Since arguably every child would love to have some kind of climbing frame readily accessible in the garden, it inevitably follows that many will face disappointment as climbing frames for small gardens can often be hard to come by.
If you have any sort of “workable” garden space, there is sure to be something for your children. Even a single swingset, such as the Kettler Single/Double Swing can bring that little bit more cheer to the garden, it can help your children get a bit more outdoor exercise and can easily be covered over when the winter weather sets in. A single slide can also be a good addition to the back garden and, like above, can easily be covered come the winter time.
However, sometimes only a full climbing frame will do, and even these – if you look in the right place – can come in a compact enough size to fit into limited space. Providing you have a grassy space (as the climbing frames are designed to sit on a grass surface) models such as the Balmoral Fort Climbing Frame should just about fit comfortably into a modestly-sized garden, as well as being available from Climbing Frames UK at a reasonable price. Another compact frame is the Rendle Fort climbing frame, which comes with a built-in slide, is higher than it is wide and is available from the ClimbingFramesUK website.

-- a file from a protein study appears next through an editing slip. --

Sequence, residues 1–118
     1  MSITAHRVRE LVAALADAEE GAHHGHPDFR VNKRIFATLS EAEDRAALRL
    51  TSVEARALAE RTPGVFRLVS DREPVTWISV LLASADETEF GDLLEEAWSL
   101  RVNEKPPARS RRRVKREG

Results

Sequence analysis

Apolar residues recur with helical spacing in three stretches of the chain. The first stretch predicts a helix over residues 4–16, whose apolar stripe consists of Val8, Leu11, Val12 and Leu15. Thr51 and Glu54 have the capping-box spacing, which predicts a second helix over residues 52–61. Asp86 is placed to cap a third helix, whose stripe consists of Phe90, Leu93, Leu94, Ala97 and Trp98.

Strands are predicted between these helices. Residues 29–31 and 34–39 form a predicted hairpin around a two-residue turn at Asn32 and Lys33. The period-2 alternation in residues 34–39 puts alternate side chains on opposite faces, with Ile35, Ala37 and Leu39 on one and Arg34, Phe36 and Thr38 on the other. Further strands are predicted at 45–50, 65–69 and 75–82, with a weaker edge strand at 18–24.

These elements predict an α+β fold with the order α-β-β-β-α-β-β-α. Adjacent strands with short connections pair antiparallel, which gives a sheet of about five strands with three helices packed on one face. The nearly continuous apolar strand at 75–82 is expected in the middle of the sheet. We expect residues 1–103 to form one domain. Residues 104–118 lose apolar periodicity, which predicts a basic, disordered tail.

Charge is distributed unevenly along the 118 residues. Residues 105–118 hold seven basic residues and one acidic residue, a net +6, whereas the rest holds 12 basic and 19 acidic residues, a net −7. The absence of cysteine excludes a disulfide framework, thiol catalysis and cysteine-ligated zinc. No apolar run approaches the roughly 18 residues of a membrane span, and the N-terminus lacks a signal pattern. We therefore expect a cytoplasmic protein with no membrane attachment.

With the swingset as an exception, wooden climbing frames are most certainly the best type of climbing frame for the typical small garden in Britain. These are made very easy to assemble (and disassemble in a hurry!) by both Climbing Frames UK and Selwood Climbing Frames, and if placed on a stable grassy surface, are certain to be safe and provide much needed playing spaces for your children.
Made of cedar wood, with a quick spray of water repellent they will endure all but the very worst of the British weather, which is good news when the kids insist on playing on them come rain or shine!
Furthermore, a smaller climbing frame will be far easier and quicker to spray and cover and generally maintain, meaning more potential enjoyment for years to come. Can you fit just a small climbing frame in your back garden?